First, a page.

On Sept. 6, the European Court of Justice clarified the legal requirements for the cultivation of genetically-modified (GM) crops in the Member States of the European Union. The Court confirmed that additional national authorization procedures, introduced on top of the existing approval process conducted by the European authorities (European Food Safety Authority) to be unlawful. It also declared that coexistence measures are not mandatory to grow GM plants.

“The cultivation of genetically modified organisms such as the MON 810 maize varieties cannot be made subject to a national authorization procedure when the use and marketing of those varieties are authorized” said the Court of Justice. The relevant EU legislation “does not entitle a Member State to prohibit in a general manner the cultivation on its territory of such genetically modified organisms pending the adoption of coexistence measures to avoid the unintended presence of genetically modified organisms in other crops” added the European institution.

The ruling concerns a GM product that is allowed for cultivation in Europe but the rights of farmers to choose this legally approved crop were denied in practice by some bureaucratic barriers created by the Italian authorities. Carel du Marchie Sarvaas, EuropaBio’s Director of Green Biotechnology Europe, commented, “In 2011, we saw a similar decision by the ECJ on the illegal French cultivation ban. Today’s ruling by the highest court in the European Union again confirms that national bans on GM crops are not legally defendable. Farmers’ rights to cultivate approved GM crops have to be respected”.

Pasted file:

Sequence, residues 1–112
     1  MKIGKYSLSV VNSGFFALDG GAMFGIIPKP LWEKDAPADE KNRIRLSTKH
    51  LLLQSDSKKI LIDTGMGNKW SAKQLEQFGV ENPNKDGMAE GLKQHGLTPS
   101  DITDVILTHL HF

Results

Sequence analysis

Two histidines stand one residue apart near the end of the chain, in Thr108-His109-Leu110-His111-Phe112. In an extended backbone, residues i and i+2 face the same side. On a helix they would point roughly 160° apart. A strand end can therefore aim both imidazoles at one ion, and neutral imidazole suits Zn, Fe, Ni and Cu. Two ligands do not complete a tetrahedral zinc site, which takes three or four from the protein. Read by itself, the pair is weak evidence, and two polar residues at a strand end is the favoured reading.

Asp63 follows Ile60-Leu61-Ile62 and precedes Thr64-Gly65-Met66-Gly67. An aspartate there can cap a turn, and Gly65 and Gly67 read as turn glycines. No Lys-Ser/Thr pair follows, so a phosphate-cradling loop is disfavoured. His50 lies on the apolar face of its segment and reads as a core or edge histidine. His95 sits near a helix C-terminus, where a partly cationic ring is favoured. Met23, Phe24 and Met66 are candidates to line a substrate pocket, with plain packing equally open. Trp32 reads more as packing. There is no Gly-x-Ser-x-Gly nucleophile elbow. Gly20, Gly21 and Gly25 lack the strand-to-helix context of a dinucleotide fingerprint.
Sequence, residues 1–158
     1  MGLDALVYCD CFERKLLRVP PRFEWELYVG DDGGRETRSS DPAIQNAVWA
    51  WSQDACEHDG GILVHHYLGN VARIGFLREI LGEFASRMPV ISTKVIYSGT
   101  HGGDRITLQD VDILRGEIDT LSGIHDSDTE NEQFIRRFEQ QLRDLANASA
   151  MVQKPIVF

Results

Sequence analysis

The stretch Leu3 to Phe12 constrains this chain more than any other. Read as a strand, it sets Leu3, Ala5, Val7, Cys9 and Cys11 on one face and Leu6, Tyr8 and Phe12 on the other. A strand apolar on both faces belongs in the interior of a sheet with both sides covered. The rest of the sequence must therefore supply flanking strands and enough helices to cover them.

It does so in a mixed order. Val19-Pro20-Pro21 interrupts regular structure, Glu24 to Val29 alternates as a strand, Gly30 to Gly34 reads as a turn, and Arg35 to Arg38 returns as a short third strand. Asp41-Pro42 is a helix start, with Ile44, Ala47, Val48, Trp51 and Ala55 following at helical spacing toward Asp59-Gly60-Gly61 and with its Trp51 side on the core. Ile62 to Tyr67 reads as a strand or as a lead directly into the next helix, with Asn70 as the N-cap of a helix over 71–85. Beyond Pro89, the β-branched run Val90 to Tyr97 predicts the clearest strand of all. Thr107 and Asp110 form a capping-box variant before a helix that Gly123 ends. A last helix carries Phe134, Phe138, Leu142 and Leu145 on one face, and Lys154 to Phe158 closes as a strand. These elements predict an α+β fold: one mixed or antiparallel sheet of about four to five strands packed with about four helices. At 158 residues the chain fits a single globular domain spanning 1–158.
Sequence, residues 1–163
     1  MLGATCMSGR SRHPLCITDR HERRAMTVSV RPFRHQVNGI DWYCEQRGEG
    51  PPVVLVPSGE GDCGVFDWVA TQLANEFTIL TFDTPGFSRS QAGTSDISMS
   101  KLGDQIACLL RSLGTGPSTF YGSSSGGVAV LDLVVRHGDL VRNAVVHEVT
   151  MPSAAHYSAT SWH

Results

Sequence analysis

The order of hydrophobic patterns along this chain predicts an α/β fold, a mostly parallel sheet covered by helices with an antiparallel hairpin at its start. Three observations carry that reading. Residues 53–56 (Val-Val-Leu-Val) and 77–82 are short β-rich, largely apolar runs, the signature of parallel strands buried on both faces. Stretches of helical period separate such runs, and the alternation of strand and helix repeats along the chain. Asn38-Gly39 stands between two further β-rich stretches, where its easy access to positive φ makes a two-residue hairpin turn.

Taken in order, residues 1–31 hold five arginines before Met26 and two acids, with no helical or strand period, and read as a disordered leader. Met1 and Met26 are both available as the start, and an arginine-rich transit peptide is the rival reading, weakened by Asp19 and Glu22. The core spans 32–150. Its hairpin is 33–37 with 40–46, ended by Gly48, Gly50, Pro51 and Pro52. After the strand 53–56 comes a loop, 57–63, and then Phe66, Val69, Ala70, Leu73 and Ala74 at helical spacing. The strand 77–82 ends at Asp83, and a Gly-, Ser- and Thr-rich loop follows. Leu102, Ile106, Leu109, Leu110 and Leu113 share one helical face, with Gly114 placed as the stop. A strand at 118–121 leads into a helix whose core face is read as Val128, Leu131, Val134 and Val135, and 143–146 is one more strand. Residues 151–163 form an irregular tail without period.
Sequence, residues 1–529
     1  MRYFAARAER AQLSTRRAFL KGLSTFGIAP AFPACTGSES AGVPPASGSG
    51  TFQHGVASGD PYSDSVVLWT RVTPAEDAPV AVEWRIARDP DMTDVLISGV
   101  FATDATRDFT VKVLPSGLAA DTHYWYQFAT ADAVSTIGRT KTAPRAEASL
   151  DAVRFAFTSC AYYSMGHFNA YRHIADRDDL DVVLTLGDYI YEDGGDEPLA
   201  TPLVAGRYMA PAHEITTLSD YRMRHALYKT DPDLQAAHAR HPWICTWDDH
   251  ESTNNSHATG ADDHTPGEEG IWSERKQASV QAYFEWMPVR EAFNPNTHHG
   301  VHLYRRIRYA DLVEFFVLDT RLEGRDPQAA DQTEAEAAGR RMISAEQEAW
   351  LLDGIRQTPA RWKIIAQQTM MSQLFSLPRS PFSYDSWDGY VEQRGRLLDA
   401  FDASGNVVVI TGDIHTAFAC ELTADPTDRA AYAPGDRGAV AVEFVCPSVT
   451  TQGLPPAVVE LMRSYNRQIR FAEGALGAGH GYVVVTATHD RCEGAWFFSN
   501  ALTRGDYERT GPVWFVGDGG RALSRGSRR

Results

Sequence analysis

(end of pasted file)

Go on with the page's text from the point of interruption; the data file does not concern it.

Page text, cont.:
Agricultural innovation brings positive outcomes for farmers by helping them cope with the various challenges of growing food. Benefits of using GM crops include yield increase, more resistance to target insects and pests, better quality protection after harvest, increased tolerance to stress such as frost, drought, salt or heat, and improved nutritional value of food in very specific ways. This is why more than 16 million farmers are growing GM crops around the world. A 2011 study (Brookes and Barfoot) evaluated that since 1996, farmers globally have gained more than €44 billion ($56 billion) in farm income thanks to GM crops, and 57 percent of this profit was due to increased yields.

The decision of the European Court of Justice is available here.